California Public Employees’ Retirement System, a bellwether LP that often sets the standard for private equity investing, is embarking on what could be an historic sale of private equity fund stakes.
The system, which managed total assets of about $469 billion as of 12 July, engaged Jefferies to sell up to $6 billion in private equity fund stakes, three sources told Secondaries Investor.
The portfolio is a mix of tail-end funds and stakes in blue-chip funds, sources said. The rationale is not clear, though one source said the system is shifting from a large portfolio of numerous GP relationships to more concentrated interests, separately managed accounts and co-investments.
The system is not getting out of private equity, as it increased its allocation target to the asset class to 13 percent, from 8 percent, in November. This indicates rather than backing away from PE investing, the system is looking for ways for more direct access to top managers at lower cost.
Spokespeople for CalPERS declined to comment.
CalPERS trustee Margaret Brown told Secondaries Investor in November that the pension could explore a secondaries sale to help clean up tail-end exposure: “We have some really old private equity that’s just sitting there doing nothing. I call them zombies.”
CalPERS has not engaged in such a large sale of PE interests, though it’s possible it has opportunistically bought and sold individual stakes in funds. The system caught market attention in 2015 when it sold a portfolio of real estate fund interests to Blackstone Group’s Strategic Partners in a deal valued at $3 billion.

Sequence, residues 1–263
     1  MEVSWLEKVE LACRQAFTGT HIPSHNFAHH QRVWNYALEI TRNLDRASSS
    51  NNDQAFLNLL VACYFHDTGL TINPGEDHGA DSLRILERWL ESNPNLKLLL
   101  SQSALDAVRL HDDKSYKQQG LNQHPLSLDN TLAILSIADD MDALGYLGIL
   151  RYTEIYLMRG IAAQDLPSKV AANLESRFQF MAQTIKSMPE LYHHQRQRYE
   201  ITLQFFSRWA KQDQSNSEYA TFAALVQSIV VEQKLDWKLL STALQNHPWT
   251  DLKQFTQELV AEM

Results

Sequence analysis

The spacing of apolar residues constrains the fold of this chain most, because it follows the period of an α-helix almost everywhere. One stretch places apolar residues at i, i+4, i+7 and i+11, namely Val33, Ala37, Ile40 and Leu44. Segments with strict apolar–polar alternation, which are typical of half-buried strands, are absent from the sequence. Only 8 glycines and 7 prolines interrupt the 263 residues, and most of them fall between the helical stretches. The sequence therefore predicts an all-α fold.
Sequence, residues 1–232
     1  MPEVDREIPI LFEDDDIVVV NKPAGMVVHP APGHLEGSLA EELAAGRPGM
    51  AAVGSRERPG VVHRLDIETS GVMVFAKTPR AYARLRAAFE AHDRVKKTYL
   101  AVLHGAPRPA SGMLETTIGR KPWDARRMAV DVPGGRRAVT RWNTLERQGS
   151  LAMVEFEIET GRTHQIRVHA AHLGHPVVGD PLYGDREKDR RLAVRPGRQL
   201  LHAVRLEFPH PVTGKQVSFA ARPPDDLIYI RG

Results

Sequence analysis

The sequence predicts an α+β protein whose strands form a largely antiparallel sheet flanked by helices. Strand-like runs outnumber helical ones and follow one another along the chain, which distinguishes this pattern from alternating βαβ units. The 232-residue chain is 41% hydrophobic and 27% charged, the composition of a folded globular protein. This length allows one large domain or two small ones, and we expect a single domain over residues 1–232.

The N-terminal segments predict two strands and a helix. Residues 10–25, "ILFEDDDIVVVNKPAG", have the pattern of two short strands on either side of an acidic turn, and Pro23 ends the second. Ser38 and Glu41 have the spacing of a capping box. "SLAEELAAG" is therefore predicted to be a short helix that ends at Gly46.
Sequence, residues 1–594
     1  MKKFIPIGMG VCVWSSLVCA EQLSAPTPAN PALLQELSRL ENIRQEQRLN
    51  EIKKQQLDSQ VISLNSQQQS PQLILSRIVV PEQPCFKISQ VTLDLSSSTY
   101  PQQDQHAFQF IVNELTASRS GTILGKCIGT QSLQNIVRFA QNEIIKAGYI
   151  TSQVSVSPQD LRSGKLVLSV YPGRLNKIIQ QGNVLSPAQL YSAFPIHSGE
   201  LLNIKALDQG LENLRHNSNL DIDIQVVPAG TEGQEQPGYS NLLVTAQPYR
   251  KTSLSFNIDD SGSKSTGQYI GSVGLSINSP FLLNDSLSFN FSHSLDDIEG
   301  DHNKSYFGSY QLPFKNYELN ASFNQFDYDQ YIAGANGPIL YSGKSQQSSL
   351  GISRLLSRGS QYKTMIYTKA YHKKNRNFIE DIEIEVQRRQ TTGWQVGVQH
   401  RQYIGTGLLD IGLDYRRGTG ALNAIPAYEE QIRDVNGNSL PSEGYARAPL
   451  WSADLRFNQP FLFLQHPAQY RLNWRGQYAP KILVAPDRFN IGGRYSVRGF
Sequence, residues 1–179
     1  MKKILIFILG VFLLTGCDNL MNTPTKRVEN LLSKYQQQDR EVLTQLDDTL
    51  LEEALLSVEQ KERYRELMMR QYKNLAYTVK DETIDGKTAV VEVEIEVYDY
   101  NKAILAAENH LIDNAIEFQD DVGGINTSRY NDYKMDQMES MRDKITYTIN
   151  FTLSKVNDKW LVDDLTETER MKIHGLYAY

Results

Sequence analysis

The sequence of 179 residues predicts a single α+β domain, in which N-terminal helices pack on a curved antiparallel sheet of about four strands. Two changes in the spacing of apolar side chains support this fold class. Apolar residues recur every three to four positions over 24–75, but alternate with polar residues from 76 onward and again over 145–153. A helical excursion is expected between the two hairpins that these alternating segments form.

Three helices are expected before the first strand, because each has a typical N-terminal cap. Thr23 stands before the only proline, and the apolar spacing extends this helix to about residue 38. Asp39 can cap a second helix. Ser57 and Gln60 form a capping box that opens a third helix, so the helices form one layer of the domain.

It’s not clear if the full portfolio will get sold, being so large, sources told Secondaries Investor. It’s possible that pieces of the portfolio get sold off. Some LP sellers bring large portfolios to market with the expectation that only chunks of it will actually transact.
The CalPERS sale is among a slew of traditional LP portfolio sales to hit the market since the fall, with prices high and buyer interest piqued by more diversified investments beyond the single- or concentrated asset deals that dominated the market in the first half of 2021.
Public Sector Pension Investment Board, for example, closed a roughly $1.5 billion sale of private equity fund stakes toward the end of the year. HarbourVest Partners was lead investor on the sale, affiliate title Buyouts previously reported.
Other big processes include Pennsylvania Public School Employees’ Retirement System shopping a $1 billion-plus private equity portfolio; and New York State Teachers’ Retirement System is shopping a portfolio of private equity fund stakes valued at around $2.6 billion.
Large portfolio sales have taken up buyer interest in the second half of the year as many buyers look to diversify beyond the concentrated bets they made in the early parts of the year and in 2020.
In the first half, GP-led secondaries deals like single-asset continuation funds represented about 57 percent of the $46 billion in total estimated activity. LP portfolio sales were expected to accelerate in the second half, sources told Secondaries Investor.
The sales have come amid an environment of rich pricing, which generally helps convince institutions to move forward with contemplated rebalancing. Pricing for buyout funds hovered around 92 percent of net asset value in the first half, according to Greenhill & Co’s first-half volume report.